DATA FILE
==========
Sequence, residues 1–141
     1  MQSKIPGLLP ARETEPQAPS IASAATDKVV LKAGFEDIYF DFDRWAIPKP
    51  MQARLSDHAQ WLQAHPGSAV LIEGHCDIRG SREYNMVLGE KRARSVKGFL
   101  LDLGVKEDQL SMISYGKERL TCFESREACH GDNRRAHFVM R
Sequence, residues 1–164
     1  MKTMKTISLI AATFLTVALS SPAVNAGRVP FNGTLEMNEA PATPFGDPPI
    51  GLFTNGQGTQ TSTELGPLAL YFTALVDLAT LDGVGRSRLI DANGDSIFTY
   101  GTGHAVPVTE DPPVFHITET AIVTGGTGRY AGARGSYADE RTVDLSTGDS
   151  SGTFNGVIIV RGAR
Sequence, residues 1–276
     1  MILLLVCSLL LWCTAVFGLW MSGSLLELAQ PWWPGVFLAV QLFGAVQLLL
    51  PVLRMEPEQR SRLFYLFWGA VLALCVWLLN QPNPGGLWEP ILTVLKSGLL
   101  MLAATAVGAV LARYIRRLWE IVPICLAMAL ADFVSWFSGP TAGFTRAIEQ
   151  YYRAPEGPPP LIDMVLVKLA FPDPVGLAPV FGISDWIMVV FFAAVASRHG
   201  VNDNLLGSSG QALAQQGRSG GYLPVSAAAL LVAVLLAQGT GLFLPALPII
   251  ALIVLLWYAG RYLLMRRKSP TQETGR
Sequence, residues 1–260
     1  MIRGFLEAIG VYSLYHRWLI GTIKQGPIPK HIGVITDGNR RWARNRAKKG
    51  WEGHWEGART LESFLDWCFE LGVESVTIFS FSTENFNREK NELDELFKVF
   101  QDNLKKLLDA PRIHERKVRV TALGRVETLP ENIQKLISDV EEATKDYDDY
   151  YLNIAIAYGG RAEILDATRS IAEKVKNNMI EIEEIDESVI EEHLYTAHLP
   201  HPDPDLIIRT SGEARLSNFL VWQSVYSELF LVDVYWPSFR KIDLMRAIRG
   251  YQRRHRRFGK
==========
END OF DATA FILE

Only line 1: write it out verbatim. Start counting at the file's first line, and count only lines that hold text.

Sequence, residues 1–141